"Another Day in the Frontal Lobe" - in brain surgery, location is everthing

Hi, I'm Nick Huhn and I'm passionate about ideas. I'm attending a few sessions at IdeaFestival 2008 over the next two days and I'll capture my thoughts and experiences on this blog and - like several others - by twitter.

Katrina Firlik is one of around 200 female neurosurgeons in the country, so in addition to developing a unique outlook on her practice of neurosurgery, she's also become interested in medical innovation and entrepreneurial activities.  She warns at the beginning of her talk, "brain surgery is not exactly rocket science," but after hearing this talk I know that it is assuredly more involved than the typical dialog of McDreamy and his cohorts in Grey's Anatomy.

Firlik offers us an opportunity to think like a brain surgeon with these simple rules:

  • location is everything
  • the brain is not the only thing in the skull

She shared an interesting anecdote about a patient's cancer that led to chronic depression.  Pharmaceuticals and therapy proved unhelpful in alleviating the depression, so a psychiatrist recommended a neurologist's assessment.  We come to discover that a tumor in her brain had exerted pressure on the frontal lobes that - as the emotional hub of the brain - were going haywire.  In fact, she had lost her sense of smell.  [More about smell, emotion and depression... interesting!] 

While the surgery was a technical success overall, the patient ultimately had numerous complications that led to her unfortunate demise. Note: even the most perfect surgical execution can have unfortunate secondary effects or complications: welcome to the intricately complex human body.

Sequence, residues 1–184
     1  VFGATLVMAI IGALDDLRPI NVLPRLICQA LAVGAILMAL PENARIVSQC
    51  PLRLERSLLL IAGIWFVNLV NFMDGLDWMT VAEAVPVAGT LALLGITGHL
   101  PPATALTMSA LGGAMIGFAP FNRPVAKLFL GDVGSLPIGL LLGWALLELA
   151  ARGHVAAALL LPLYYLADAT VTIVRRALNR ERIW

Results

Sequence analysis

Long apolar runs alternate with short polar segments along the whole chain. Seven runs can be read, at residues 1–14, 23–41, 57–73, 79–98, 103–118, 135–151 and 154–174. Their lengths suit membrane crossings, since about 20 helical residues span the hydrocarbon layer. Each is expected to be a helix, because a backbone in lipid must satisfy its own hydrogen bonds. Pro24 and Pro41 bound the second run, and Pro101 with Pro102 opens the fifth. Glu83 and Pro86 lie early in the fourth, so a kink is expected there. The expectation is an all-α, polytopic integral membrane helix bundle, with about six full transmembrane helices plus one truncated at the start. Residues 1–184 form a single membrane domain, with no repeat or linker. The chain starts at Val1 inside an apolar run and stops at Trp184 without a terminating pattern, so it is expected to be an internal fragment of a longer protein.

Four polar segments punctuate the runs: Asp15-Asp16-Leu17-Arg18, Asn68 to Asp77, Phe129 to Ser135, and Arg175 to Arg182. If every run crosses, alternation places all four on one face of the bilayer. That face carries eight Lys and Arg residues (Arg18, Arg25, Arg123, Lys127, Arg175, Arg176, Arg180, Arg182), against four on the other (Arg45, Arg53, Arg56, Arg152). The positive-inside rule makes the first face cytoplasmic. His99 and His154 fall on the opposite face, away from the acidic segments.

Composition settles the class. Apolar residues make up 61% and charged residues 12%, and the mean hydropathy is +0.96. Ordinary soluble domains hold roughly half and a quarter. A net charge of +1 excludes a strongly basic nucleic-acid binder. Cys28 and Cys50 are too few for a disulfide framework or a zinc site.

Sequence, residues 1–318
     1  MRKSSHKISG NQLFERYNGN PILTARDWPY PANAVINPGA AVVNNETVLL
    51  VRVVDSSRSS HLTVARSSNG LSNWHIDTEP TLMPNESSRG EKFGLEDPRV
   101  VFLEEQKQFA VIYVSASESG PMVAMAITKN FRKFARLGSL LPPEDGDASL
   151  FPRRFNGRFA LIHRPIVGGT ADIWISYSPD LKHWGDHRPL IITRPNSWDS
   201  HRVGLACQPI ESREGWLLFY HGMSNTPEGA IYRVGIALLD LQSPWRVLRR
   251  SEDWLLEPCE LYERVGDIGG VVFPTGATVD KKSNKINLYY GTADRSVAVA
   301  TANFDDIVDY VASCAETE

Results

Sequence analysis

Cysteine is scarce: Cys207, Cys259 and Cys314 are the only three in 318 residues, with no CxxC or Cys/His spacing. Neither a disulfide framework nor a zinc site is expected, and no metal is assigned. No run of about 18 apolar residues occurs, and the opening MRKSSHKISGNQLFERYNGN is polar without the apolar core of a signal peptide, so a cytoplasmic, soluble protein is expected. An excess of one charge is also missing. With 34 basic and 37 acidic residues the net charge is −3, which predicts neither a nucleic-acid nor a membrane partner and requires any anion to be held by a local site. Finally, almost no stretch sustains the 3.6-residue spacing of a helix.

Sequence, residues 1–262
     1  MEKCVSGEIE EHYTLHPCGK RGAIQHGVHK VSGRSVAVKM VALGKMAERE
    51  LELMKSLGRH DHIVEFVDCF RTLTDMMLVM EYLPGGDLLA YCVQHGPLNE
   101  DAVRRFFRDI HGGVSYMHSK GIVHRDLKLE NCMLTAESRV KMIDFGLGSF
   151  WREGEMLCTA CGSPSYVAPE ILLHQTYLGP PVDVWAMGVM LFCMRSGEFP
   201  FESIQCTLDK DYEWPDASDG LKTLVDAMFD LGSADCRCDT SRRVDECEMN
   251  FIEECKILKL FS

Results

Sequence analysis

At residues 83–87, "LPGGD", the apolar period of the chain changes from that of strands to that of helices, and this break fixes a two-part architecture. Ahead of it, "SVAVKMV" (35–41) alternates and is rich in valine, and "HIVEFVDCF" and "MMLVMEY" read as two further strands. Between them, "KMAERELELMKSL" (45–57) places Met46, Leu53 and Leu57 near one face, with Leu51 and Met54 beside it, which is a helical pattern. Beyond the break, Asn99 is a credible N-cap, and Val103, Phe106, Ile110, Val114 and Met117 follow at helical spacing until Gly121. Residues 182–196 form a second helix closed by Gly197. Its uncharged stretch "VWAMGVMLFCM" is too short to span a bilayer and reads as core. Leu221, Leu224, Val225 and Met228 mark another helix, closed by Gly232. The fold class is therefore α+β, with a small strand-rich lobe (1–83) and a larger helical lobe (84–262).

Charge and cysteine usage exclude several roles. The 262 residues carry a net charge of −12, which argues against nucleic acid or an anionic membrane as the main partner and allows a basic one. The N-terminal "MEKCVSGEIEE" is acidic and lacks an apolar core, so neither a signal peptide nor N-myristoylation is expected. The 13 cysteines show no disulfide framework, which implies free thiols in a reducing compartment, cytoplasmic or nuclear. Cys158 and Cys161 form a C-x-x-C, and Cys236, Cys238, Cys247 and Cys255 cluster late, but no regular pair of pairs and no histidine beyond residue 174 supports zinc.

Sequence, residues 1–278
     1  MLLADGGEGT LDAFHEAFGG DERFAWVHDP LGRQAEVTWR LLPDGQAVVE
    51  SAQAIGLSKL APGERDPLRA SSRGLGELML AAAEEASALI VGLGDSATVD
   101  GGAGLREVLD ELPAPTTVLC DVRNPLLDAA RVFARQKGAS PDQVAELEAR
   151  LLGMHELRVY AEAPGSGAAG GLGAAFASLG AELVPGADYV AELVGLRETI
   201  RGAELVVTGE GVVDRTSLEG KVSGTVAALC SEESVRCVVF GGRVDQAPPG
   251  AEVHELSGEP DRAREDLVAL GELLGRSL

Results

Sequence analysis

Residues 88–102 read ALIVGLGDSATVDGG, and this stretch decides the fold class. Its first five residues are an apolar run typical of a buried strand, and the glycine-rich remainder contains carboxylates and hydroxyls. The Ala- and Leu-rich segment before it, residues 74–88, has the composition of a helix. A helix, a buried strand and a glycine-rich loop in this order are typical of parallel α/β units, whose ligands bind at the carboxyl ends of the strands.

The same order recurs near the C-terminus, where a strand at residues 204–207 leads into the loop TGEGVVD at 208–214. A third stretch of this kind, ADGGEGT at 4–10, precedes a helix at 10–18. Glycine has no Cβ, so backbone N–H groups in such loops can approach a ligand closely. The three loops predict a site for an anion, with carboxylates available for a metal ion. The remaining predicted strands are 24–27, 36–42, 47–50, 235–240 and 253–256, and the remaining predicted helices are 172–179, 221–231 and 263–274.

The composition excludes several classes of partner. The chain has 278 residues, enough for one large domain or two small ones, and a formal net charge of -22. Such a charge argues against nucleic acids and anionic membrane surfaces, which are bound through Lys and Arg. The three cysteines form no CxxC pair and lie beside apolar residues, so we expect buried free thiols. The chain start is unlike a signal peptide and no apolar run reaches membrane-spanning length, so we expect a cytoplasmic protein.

Choc-full of photos that definitely would have been blurred out on Rescue 911, Firlik's presentation discussed another patient that was in a car accident and experienced slurred speech and other complications afterward.  A single brain hemorrhage took a precipitously downhill course in which more internal bleeding in the brain stem emerged. 

Just when it started to get a tad morbid, the speaker held the interest of the audience as she meandered into stories of the composition and characteristics of that noggin perched on our shoulders. While a medical transcriptionist would have been handy at this point, I did learn some interesting neurology trivia, and more about how cerebrospinal fluid, subdural hematomae, and aneurysms can get nasty. Ask Joe Biden.

After meandering into some interesting cerebral conditions and complications, Katrina led us back to the story of the patient with the brain stem aneurysm and how the alleviation of afflictions like these often lead to moral and ethical questions. Again, the second second and third order effects and they way they can impact mobility and cognition are always considered. Confirmed: being a brain surgeon can often be depressing. So, Firlik moved on to some more uplifting stories from patients...

Rather than transcribe or recount the rest of the speaker's talk, I might just summarize with a hearty affirmation of Katrina Firlik's command of neurosurgery and the English language. I'm certain her book would offer an entertaining and elucidating journey into the various dimensions of neurosurgery, the moral and ethical considerations of the esoteric specialty, and the distillation of this fascinating science into easy - well, easier than rocket science - to understand concepts. Great job and thank you for contributing to IdeaFestival 2008, Dr. Firlik!

Nick